Major microbial hazards associated with packaged seafood
Seafood is a highly perishable product. Unlike some meats that are aged to enhance tenderness, seafood decomposition begins immediately post-mortem. Pathogens such as Listeria monocytogenes, Salmonella and Staphylococcus aureus are common to seafood and terrestrial muscle foods; however, others such as Clostridium botulinum Type E, Vibrio species and Aeromonas are more commonly associated with or exclusive to marine food products. Packaging of seafood products has historically been passive, or used to protect from oxygen, desiccation and microbial contamination. Tamper-evident packaging became the norm 30 years ago. Around the same time, modified atmosphere packaging (MAP) appeared to be a panacea for shelf-life extension, but is tightly regulated in the United States because of the concern for temperature abuse and toxin production by Clostridium botulinum Type E. Time temperature indicators (TTIs) present the obvious solution to MAP but are seldom used due to cost. Nanotechnology is the newest wave in food processing, but its long-term effects on the human metabolism are unknown and there is inertia over defining its properties and its regulatory oversight. Momentum appears largely to be driven by large retailers that prefer case-ready seafood products in standard package sizes for rapid stocking with limited effort. © 2012 Woodhead Publishing Limited. All rights reserved.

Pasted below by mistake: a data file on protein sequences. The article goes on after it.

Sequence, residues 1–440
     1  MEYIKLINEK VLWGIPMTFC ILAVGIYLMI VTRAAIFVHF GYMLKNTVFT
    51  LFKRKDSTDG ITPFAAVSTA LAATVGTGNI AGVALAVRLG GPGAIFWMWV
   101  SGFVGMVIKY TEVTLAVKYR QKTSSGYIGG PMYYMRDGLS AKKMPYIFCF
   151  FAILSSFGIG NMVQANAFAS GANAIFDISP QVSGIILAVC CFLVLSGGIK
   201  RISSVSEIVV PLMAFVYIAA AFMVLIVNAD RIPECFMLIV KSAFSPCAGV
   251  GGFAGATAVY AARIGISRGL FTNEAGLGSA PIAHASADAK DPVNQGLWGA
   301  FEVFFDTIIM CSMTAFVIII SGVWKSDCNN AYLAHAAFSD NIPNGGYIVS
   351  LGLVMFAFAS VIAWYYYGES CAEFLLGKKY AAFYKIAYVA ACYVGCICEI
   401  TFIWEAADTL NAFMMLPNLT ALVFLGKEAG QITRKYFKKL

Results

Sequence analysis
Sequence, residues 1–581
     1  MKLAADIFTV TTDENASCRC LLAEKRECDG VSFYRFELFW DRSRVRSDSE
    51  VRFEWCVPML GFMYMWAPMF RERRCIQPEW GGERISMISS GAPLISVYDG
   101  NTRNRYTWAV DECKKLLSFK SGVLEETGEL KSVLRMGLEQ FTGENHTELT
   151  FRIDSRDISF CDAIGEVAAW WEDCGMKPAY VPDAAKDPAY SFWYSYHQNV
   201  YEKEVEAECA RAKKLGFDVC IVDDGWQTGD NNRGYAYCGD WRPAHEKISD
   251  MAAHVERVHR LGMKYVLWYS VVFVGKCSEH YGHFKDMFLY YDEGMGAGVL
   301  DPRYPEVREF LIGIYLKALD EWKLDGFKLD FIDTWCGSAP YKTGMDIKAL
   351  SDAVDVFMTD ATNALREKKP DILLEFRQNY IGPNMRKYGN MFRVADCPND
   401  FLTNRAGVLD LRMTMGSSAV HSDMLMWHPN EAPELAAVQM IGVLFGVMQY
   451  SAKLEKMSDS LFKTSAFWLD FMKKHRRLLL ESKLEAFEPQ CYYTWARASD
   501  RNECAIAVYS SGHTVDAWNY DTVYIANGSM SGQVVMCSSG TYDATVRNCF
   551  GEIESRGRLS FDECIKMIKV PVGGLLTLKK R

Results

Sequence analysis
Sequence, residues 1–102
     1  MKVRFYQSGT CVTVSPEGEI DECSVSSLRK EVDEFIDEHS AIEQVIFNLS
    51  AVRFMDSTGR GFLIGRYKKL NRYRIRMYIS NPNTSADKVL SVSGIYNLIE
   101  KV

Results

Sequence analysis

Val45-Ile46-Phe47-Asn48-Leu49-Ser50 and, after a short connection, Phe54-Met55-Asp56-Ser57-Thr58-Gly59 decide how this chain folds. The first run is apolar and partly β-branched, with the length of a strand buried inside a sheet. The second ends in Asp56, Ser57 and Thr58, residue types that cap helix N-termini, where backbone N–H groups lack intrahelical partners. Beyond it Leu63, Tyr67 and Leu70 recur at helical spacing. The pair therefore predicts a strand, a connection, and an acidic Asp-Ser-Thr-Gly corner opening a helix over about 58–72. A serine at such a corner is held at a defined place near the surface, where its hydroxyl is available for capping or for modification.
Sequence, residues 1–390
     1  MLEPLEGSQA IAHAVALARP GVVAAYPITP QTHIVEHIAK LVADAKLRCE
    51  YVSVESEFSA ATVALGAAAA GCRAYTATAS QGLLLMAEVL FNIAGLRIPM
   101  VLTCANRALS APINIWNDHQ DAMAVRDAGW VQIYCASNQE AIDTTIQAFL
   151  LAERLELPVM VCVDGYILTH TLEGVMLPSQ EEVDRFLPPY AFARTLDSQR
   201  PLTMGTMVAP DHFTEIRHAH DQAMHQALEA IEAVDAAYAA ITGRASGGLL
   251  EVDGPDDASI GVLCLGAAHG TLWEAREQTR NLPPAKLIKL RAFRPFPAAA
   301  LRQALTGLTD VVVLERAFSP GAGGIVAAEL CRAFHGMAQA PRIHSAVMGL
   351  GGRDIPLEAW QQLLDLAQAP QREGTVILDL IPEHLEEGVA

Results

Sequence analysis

Publication Source (Journal or Book title)
Advances in Meat, Poultry and Seafood Packaging
Lampila, L., & McMillin, K. (2012). Major microbial hazards associated with packaged seafood. Advances in Meat, Poultry and Seafood Packaging, 59-85. https://doi.org/10.1533/9780857095718.1.59